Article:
We asked the experts: How do you do YouTube?

Everyone uses YouTube, but how exactly do people discover new videos? We asked both web video professionals like Amy Pham and Zadi Diaz as well as your average 12 year old girl to find out.

What happens if your web series doesn’t hit it big?

For Solo creator Jonathan Nail, producing his own web series was an opportunity to create a showcase for his acting. But after two years of hard work and thousands of dollars, he found that the rewards of independent production are not universal.

Yahoo: Audience First, Then Comes the Show

Yahoo (s YHOO) has found religion when it comes to web shows, or so it tells The New York Times, and is now opting to find existing audiences and build shows around them, rather than the other way around.

The latest web series from the Internet portal is Spotlight to Nightlight, a show devoted to news and information about celebrity moms. Spotlight is hosted by former Miss USA Ali Landry and provides news and information topics such as wacky baby names and the high price of nannies ($120,000 a year! Stars, they’re just like us!). Moms have proven their online video worth in the past for web shows like In the Motherhood, which started on MSN and will launch on ABC this month as a new sitcom.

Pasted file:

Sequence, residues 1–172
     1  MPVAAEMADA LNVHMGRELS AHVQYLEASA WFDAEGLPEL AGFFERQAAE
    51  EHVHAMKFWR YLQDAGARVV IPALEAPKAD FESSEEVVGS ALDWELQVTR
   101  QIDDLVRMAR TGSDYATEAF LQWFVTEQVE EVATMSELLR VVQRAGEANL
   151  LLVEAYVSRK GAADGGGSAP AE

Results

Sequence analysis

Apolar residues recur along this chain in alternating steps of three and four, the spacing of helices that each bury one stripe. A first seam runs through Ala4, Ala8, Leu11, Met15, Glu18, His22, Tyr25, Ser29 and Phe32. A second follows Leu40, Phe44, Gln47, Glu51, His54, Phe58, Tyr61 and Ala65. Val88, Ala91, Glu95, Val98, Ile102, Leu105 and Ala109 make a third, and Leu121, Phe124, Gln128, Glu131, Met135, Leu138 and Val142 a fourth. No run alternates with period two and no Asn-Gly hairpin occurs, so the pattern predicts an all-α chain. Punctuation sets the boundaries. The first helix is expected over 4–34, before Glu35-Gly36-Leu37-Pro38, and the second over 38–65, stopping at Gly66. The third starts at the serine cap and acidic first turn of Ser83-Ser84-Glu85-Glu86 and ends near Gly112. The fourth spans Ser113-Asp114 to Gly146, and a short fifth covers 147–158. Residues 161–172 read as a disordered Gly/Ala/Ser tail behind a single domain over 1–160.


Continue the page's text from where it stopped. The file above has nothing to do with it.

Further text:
Spotlight fits in with other web shows that Yahoo has launched over the past year such as Primetime in No Time and Tech Ticker. It’s low-budget, non-fiction programming that features a host either recapping news or interviewing someone. What’s a little surprising is how much play the NYT is giving this tactic, as it’s the same as just about every other new media studio. Revision3, Deca and Next New Networks all build shows around existing targeted communities.

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How Much Can a Web Host Make?

Non-fiction shows are a popular format for web series; pretty much all you need to get one off the ground is a camera, a green screen and a host to recap the news, make jokes and offer an opinion. And perhaps you’ve watched web hosts and thought to yourself, “Hey, I could do that!” Maybe you could — but could you make a living doing it?

As the number of non-fiction web shows (and their hosts) continues to multiply, the question of remuneration will only become more important. With that in mind, I contacted a number of new media companies (all of whom asked to remain anonymous) to see what they paid their “talent.” As you can imagine, the answers were pretty diverse, but following are some ballpark figures for what a web host can make:

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